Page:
Monthly Archives: February 2010

Some evidence in favour of our suggestions

Brief notes and (and links to) a few studies providing evidence in favour of some of our suggestions, and one looking at the case for a Financial Transactions Tax.

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Filed under Barry, climate change, economic analysis, sustainability

Just sustainability

The concept of sustainability is well described as “a big, sloppy term for a big, complex subject” (Prugh et al, 2000, p.2). The meaning of ‘sustainability’ is highly contested and subject to a wide variety of (often self-serving) definitions.

So how can this “big, sloppy” concept – and all that it tells us about global limits to resource consumption and waste production – be translated into recommendations for practical action?

One way of achieving this translation that appears in the policy documents of various green parties around the world is to work with the notion of ‘carrying capacity.’ In particular, carrying capacity features as a key principle of many green population policies.

Unfortunately there is often a serious defect in the way carrying capacity is applied, as explained in an article by Steve Vanderheiden (2008). Usefully, though, for those who wish to see sustainability policy become a reality, Vanderheiden also shows how sustainability policies be formulated differently, along lines that take proper account of issues of justice.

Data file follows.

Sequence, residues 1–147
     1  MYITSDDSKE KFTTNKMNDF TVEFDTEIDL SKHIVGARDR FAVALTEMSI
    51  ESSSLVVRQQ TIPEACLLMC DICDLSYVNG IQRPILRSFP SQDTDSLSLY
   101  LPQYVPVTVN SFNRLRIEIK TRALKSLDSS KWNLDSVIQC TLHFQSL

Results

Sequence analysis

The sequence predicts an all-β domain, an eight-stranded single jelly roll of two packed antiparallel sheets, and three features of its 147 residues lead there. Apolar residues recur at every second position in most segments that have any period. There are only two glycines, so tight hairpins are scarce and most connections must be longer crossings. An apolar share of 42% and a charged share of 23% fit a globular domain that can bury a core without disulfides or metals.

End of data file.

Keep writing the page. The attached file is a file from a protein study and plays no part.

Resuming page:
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Filed under David, sustainability

Poles Apart

Frustrated by the polarised debate on human-caused climate change Gareth Morgan and John McCrystal set out to evaluate the evidence for themselves. On the basis of this book, they apear to have been relentlessly open-minded in this quest…and in the end, they conclude that yes, we do need to be concerned. It is totally against the spirit of the book to point this out – but Gareth Morgan is noted for coming to his views independently and skeptically, plus he is an economist and – all other things being equal 🙂 – reasonably fond of economic growth – so if he thinks human-caused climate change is an issue we need to take seriously, it really is most likely that we do. But read the book – it ought to be convincing for anyone with an open-mind.

Morgan and McCrystal also take some shots at greenies and environmentalists for taking an irresponsible role in this debate, muddying the science with their keen-ness to use it when it suits to butress attacks on consumerism and capitalism that are primarily ideological (don’t worry they also take aim at fossil-fuel industry-funded deniers).

I think this criticism raises some valuable points for the green/environmental movement.

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Filed under Barry, climate change, green politics